Not only
is Granada an international tourist destination with hardly any international
flights (see blog #post27); its overland connections are not all that good,
either. In fact, if you come to Granada, you are most likely to arrive by bus.
(On a typical day, there are 16 arrivals from Malaga at the bus station and no
direct trains; for Madrid the corresponding numbers are 13 by bus and 3 by
train; for Barcelona, 4 and 2.)

The
project to connect Granada to Madrid and via Barcelona to France by means of
the prestigious AVE network is not looking very promising. AVE means ‘bird’ and
it is an acronym for ‘alta velocidad’ – high speed – and it refers to the
high-speed rail network that enables the train to compete with air travel thanks
to its speeds exceeding 300 kph.

Well,
Granada is going to get its AVE one day in an uncertain future, but, in
contrast to the rest of Spain and Europe, it will probably be a low-speed AVE.

The first
apparently insuperable obstacle to a high-speed AVE connection is the 18
kilometre stretch of rail through Loja, the only stretch that remains
unfinished. The austerity-conditioned plan is to leave it unfinished and
instead to use the existing railway line; a line that consists of 100-year-old
tunnels, level crossings and viaducts too narrow for the wide-gauge AVE tracks,
and sharp bends that cut maximum speeds down to around 50kph.

The
austerity modifications would also mean that goods and passenger traffic would
have to share one single electrified track. And although the line passes
through the north zone of Loja there will be no stop here to serve the local
population.

Some local environmentalists might be happy about the abandonment of the AVE
through the Loja region because of the feared environmental impact it would
have, especially on the groundwater levels of the region, although AVE
aficionados say due preventive measures have already been taken.

Money: 900 million euros have already been spent on the 80% of the stretch from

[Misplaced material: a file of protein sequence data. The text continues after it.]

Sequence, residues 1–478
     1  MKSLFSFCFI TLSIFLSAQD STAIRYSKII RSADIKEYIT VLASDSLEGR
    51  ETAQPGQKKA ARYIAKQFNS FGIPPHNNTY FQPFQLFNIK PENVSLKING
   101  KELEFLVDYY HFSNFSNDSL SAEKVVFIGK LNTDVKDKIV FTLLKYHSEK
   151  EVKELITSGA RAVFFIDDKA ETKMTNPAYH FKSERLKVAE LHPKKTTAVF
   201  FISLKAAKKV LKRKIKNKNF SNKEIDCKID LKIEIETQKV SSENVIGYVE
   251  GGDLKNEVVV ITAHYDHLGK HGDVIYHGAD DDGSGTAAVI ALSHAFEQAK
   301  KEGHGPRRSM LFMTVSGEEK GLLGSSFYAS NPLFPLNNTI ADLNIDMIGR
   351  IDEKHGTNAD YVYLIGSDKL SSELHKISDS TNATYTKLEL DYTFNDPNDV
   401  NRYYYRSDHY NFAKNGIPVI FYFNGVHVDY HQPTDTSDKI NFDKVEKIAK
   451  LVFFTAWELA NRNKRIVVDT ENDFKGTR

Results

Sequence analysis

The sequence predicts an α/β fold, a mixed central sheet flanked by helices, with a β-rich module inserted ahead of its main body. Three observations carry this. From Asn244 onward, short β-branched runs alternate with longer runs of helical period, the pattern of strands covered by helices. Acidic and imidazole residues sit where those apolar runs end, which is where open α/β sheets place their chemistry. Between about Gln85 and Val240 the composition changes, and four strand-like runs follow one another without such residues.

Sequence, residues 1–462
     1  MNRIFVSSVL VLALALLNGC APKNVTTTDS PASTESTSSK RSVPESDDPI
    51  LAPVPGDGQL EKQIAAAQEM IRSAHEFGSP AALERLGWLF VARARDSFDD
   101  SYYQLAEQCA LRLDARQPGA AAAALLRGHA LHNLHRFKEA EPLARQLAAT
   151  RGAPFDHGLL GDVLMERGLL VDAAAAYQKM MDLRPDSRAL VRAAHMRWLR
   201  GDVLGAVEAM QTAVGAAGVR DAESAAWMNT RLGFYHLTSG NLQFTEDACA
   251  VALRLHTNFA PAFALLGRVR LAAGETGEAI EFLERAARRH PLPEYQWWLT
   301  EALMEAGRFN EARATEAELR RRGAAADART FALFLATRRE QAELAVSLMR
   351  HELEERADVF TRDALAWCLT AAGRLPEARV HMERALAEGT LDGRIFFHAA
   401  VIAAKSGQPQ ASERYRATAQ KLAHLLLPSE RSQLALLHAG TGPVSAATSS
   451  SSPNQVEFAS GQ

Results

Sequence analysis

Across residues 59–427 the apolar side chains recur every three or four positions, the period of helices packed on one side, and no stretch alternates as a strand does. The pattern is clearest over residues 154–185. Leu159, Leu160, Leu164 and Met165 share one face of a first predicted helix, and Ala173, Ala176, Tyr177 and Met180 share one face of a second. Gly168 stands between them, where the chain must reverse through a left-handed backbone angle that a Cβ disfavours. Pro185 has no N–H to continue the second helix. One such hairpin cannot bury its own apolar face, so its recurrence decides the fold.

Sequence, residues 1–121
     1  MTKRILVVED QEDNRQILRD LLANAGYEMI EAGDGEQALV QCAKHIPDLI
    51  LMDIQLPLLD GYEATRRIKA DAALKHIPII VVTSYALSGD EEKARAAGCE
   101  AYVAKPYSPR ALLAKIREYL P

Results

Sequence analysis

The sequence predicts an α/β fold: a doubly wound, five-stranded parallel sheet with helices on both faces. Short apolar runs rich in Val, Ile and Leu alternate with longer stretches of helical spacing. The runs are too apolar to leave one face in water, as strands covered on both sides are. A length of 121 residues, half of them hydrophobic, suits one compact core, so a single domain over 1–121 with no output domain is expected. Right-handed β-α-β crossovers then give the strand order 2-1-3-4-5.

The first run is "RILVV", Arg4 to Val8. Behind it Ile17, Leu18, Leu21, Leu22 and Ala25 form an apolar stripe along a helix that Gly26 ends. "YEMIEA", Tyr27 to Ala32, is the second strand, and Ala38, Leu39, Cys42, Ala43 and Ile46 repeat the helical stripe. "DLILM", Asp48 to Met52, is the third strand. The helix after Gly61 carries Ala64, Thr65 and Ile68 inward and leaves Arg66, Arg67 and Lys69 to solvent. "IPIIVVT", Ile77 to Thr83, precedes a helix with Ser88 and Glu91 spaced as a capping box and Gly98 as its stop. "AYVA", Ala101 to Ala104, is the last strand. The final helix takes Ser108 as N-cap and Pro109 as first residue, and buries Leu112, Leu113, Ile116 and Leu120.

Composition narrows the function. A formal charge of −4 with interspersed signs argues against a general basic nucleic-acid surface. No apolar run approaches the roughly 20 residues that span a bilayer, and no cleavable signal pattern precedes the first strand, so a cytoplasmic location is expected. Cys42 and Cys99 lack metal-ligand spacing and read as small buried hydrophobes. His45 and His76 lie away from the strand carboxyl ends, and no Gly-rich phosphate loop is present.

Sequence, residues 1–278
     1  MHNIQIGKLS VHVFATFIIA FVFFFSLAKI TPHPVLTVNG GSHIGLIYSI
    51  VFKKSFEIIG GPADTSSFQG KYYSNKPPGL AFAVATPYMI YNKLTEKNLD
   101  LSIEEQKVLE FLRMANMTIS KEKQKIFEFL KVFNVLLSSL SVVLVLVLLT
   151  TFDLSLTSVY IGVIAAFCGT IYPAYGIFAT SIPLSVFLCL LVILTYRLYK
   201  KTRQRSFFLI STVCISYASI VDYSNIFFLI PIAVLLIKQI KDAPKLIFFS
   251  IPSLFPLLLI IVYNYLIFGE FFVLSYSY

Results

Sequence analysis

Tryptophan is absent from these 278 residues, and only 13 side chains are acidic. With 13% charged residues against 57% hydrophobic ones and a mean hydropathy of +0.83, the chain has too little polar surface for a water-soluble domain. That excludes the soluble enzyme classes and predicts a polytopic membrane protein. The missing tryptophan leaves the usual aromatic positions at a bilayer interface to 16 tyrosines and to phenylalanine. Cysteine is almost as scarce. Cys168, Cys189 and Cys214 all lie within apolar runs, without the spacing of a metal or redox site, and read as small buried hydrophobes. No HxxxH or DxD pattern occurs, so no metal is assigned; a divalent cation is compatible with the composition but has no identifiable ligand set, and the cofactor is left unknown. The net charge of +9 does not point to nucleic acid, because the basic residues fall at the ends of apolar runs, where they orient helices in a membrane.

Antequera to Granada that have already been built. This stretch is double track,
involving several kilometres of tunnels and viaducts, and allows passenger and
goods trains to run independently of each other, and at speeds of up to 340kph.
Much of the value of this investment would be cancelled out if it runs into an
18-kilometre bottleneck at Loja.

The other
stumbling block is the location of the AVE station in Granada. Two years ago an
agreement was reached between central government, the regional government of
Andalucía and the city council to develop the present station in the Avenida de Andaluces for AVE arrivals, the
train entering the city underground, beneath the Chana neighbourhood in the
south-west. The high-speed rail network will now stop short of Granada City and
passengers will have to make the last leg of their journey – by bus?

Maybe
not. The government has promised the AVE station will definitely be on the
spanking new and even by Granada standards astonishingly delayed Metro network.
Finishing date? It will be, they say, in the outskirts of the city, where it
will connect with the ‘Mediterranean Corridor’ rail project, which aims to link
Barcelona, Valencia, Murcia, and Malaga by 2030 if we’re lucky.

Either
way, with the low-speed AVE, travelling times to and from Madrid will not be
reduced much from the current 4.5 hours (about the same as it takes by bus).

The unwillingness
to make the investment to finish the AVE project properly and the apparent positioning
of Granada as an outpost of an extremely long-term Mediterranean Corridor project
do not augur well for the ‘city where anything is possible’ but very little
actually achieved – and when it is, probably a bit shoddily, and much too late.

The
original estimated date for the completion of the high-speed AVE to Granada was
2007. Today they are talking vaguely of 2020, for the low-speed version.

It looks
as if the popular tourist destination of Granada will continue to test the
determination of those visitors who want to get here to enjoy its magic for
quite a while yet.

This blog
relies heavily on articles in
El Pais
by Valme Cortés, especially one dated 18.12.12. It also makes use of
Granada Hoy agency articles that
appeared on 30 and 31.1.13.